Jump to ContentJump to Main Navigation
The Juvenile TraditionYoung Writers and Prolepsis, 1750–1835$
Users without a subscription are not able to see the full content.

Laurie Langbauer

Print publication date: 2016

Print ISBN-13: 9780198739203

Published to Oxford Scholarship Online: May 2016

DOI: 10.1093/acprof:oso/9780198739203.001.0001

Show Summary Details
Page of

PRINTED FROM OXFORD SCHOLARSHIP ONLINE (oxford.universitypressscholarship.com). (c) Copyright Oxford University Press, 2020. All Rights Reserved. An individual user may print out a PDF of a single chapter of a monograph in OSO for personal use. date: 28 October 2020

Prolepsis and the Tradition of Juvenile Writing

Prolepsis and the Tradition of Juvenile Writing

Henry Kirke White and Robert Southey

(p.110) 3 Prolepsis and the Tradition of Juvenile Writing
The Juvenile Tradition

Laurie Langbauer

Oxford University Press

Robert Southey’s edition of the childhood poetry and undergraduate writing of Kirke White (a young writer popular throughout the nineteenth century) consolidated the juvenile tradition. White’s meditation on juvenile writing in his poetry expressly rethinks the possibilities of child authorship as more than mere effusion. It provides instead a sophisticated proleptic theory to aid later readers in understanding the juvenile tradition. The early nineteenth century was interested in so-called precocious writing as providing new models of literary reflection, that kept open understandings of the past and of futurity. As broker of juvenile writers who wrote about Thomas Dermody, Michael Bruce, and Lucretia Davidson, among others, Southey (himself a prodigious boy-poet) helped to reimagine literary history and tradition by conserving the juvenile tradition. He explores literary juvenilia to reflect, along with White, on the relation of prolepsis and the archive: on how acting on the future in advance can produce its records.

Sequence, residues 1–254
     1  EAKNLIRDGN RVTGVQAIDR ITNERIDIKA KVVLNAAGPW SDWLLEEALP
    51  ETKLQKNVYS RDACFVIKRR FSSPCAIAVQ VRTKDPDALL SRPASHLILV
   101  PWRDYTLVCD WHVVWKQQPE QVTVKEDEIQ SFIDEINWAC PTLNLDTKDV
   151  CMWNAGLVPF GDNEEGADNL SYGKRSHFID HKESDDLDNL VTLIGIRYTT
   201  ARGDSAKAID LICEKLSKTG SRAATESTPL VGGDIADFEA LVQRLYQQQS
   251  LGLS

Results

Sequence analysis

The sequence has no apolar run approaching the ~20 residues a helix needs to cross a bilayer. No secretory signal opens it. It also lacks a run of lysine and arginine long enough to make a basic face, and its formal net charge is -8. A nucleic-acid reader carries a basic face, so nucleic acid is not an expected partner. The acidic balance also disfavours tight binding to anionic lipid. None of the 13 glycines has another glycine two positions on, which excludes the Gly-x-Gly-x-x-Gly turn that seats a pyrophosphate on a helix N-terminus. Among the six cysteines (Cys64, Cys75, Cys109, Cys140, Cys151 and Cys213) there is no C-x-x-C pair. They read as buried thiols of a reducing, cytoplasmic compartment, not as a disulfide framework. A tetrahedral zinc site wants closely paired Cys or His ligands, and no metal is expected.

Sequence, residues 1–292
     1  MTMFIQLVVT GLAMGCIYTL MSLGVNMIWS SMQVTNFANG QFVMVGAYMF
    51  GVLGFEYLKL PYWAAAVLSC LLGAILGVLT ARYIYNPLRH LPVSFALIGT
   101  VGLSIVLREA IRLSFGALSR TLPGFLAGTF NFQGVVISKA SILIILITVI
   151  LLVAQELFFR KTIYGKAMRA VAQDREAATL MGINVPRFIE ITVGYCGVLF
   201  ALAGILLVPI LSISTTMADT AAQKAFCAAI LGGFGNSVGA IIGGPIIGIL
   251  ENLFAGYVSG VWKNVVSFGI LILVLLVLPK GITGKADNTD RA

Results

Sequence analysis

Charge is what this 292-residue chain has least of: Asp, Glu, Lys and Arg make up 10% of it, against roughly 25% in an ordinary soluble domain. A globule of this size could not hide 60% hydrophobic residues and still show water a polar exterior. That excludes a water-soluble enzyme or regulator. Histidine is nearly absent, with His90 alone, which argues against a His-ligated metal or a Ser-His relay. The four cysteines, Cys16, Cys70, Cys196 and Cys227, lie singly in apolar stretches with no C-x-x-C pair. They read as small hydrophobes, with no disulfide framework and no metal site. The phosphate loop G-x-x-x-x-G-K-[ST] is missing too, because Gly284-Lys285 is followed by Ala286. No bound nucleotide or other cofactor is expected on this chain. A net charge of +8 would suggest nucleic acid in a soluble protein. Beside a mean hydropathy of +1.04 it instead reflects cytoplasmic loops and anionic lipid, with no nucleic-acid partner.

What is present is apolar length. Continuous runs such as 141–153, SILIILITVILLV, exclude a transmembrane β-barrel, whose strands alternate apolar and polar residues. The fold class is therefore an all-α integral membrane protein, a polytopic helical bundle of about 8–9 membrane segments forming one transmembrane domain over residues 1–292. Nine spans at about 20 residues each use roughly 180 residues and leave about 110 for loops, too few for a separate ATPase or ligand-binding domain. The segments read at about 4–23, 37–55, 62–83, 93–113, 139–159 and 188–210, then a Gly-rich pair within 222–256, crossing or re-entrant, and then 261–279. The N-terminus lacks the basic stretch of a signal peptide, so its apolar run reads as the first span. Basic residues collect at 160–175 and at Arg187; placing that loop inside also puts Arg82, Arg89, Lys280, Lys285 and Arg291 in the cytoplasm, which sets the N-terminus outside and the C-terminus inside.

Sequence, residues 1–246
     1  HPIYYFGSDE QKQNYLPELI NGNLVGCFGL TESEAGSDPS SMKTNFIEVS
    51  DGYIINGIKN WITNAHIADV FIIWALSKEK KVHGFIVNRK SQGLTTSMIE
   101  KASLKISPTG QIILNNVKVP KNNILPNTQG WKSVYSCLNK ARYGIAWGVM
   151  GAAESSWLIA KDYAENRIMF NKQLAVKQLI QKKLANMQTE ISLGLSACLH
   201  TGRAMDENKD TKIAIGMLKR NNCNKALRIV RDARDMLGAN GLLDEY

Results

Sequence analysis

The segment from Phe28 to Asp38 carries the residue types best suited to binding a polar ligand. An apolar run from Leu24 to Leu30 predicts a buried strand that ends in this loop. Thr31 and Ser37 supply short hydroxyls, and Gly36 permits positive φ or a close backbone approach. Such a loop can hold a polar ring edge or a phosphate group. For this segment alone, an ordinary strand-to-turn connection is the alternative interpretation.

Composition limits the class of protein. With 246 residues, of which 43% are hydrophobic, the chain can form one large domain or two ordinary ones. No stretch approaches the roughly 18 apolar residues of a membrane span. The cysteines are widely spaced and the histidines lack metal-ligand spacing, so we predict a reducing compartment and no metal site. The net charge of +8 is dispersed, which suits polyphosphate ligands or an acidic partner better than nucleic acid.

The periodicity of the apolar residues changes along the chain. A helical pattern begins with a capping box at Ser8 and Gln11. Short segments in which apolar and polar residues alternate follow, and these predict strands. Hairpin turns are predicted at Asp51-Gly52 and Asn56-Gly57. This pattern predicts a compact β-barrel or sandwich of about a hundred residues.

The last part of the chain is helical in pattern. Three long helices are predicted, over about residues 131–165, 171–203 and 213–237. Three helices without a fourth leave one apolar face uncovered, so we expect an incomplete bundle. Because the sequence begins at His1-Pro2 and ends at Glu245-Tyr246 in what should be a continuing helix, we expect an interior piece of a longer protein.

Keywords:   Kirke White, Southey, prolepsis, Thomas Dermody, juvenile, juvenilia, boy-poet

Oxford Scholarship Online requires a subscription or purchase to access the full text of books within the service. Public users can however freely search the site and view the abstracts and keywords for each book and chapter.

Please, subscribe or login to access full text content.

If you think you should have access to this title, please contact your librarian.

To troubleshoot, please check our FAQs , and if you can't find the answer there, please contact us .